Published: 03.10.2022

Miķelis Zondaks, Economist, Latvijas Banka

On 12 July 2022, the Council of the European Union (EU) adopted a historical decision on the admission of Croatia to the euro area on 1 January 2023. Croatia will become the 20th Member State of the euro area (Latvia joined the euro area as the 18th Member State and introduced the euro on 1 January 2014, followed by Lithuania a year later).

Taking account of Croatia's timely and long-lasting preparation, it is quite safe to say that the introduction of the euro will not turn the daily life of the country's population upside down which in fact is to be welcomed. The key benefits are the ones people do not even see in their everyday lives; these include much lower costs of transactions with other euro area Member States, a reduced currency risk and a strengthened economic resilience to crises. Over almost nine years, we have witnessed it all in Latvia where there are no concerns about the stability of currency despite several economic shocks experienced during this period, for instance, the pandemic and two attacks on Ukraine by Russia.

Hrvatska narodna banka has pursued for a long time a policy of maintaining a relatively stable exchange rate of the Croatian national currency – the kuna – against the euro. Moreover, even before the introduction of the European single currency, most household deposits (87%) and nearly all external debt (90%) are in euro which means that the reduced currency risk will be a great benefit. Businesses find themselves in a similar situation: they not only borrow in euro but quite often also indicate the prices of goods and services in euro (for instance, in the fields of real estate, vehicles, accommodation, etc.).

Seeing how widely the euro is currently being used in the Croatian economy, a question about the not-so-strong support by the population for the introduction of the euro may arise; however, these statistics should be examined in conjunction with Croatia's situation as a whole. According to the Eurobarometer survey conducted in summer 2022, 52% of Croatia's citizens support a single currency in the EU – a lower level than the average in the EU (72%). At the same time, this indicator can be viewed as relatively high among the countries that have not yet introduced the euro (for instance, 33% in the Czech Republic). Moreover, since the beginning of the year, the number of respondents against the single currency has decreased by 4 percentage points (to 40%). It should also be taken into account that Croats are rather sceptical about many things, including the EU as a whole: according to the Eurobarometer survey, only 42% of the respondents have expressed trust in the EU (which is still twice as high as the indicator of trust in their own government and parliament). Thus, it can be concluded that the accession of Croatia to the euro area will be quite smooth and the scepticism can most likely be explained by the overall low level of the population's trust in various national and international institutions.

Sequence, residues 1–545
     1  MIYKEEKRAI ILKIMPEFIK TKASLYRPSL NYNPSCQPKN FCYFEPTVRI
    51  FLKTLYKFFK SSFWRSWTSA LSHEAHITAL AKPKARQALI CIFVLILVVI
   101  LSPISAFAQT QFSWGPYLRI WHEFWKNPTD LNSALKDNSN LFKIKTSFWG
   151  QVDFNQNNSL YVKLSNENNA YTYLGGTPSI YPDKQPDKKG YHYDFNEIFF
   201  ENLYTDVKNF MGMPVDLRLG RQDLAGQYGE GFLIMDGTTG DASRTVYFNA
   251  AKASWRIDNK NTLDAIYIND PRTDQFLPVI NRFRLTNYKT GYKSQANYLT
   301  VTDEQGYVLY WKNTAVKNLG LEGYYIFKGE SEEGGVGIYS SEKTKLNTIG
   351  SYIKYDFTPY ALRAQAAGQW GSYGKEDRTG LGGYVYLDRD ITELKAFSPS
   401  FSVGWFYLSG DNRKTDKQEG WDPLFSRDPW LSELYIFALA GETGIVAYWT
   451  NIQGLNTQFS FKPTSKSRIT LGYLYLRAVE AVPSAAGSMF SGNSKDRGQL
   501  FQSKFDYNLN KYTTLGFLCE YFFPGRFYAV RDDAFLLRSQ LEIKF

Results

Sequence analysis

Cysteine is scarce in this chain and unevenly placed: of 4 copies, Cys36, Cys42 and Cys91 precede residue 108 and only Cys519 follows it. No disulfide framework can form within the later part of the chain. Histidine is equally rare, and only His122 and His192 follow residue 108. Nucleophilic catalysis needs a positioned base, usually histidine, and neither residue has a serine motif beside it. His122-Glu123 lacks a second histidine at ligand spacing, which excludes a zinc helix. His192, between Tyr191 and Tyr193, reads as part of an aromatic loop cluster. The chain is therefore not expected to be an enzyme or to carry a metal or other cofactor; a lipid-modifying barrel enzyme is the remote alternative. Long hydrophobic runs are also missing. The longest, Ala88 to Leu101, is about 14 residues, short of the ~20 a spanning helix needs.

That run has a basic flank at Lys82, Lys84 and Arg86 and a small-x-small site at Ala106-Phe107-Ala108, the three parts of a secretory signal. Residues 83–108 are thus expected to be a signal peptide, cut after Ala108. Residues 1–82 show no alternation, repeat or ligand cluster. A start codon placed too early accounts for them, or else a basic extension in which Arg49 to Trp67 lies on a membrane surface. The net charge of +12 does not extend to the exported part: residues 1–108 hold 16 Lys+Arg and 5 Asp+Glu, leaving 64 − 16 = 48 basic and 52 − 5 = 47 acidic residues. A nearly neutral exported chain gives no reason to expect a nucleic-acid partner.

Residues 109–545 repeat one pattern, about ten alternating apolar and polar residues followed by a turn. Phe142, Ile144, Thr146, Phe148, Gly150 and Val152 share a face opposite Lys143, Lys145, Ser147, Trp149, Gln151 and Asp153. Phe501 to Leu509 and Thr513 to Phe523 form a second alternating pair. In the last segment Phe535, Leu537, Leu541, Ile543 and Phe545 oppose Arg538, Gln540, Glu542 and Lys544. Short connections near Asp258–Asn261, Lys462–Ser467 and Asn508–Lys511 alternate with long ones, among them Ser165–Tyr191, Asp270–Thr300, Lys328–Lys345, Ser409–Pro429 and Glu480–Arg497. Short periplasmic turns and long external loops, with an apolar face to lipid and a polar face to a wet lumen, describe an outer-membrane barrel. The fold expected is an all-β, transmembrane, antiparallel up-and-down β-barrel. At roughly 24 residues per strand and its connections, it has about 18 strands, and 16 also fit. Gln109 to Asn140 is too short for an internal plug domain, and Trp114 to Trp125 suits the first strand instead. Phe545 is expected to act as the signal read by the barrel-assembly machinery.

This enlargement of the euro area will not result in significant changes in the daily lives of Latvia's population, mostly due to the geographical distance. The impact will become apparent in several areas. Firstly, we will directly witness the above mentioned reduced transaction costs during tourist trips, as in future all prices will only be indicated in euro and there will be no concern over currency exchange and exchange rate. A small, yet pleasant matter. Furthermore, as a continued integration in the EU, Croatia also plans to join the Schengen area which over time would make travelling even more comfortable. Secondly, every new euro area Member State adds to the significance and role of the euro in the international economy. This, in turn, strengthens the euro as a whole and thus increases the economic resilience of Latvia, Croatia and the whole euro area to crises.

Meanwhile, the people captivated by coin collection will find a new area of work: to obtain the new Croatian euro coins that are currently being minted by the local mint. The reverse of the 2 euro coin will feature the map of Croatia, while the reverse of the 1 euro coin will depict a marten. A marten was chosen to honour the existing national currency, the kuna (the word kuna means "marten" in Croatian), whose name is, in turn, connected with the fact that historically, during the Middle Ages, marten skins were used as a means of settlement. The euro cent coins will display the portrait of Nikola Tesla and letters HR in the Glagolitic script.

It is expected that Bulgaria, already preparing for the introduction of the euro, will be the next to follow Croatia's example. This will further strengthen the positions of the euro as the second most significant global currency (alongside the US dollar).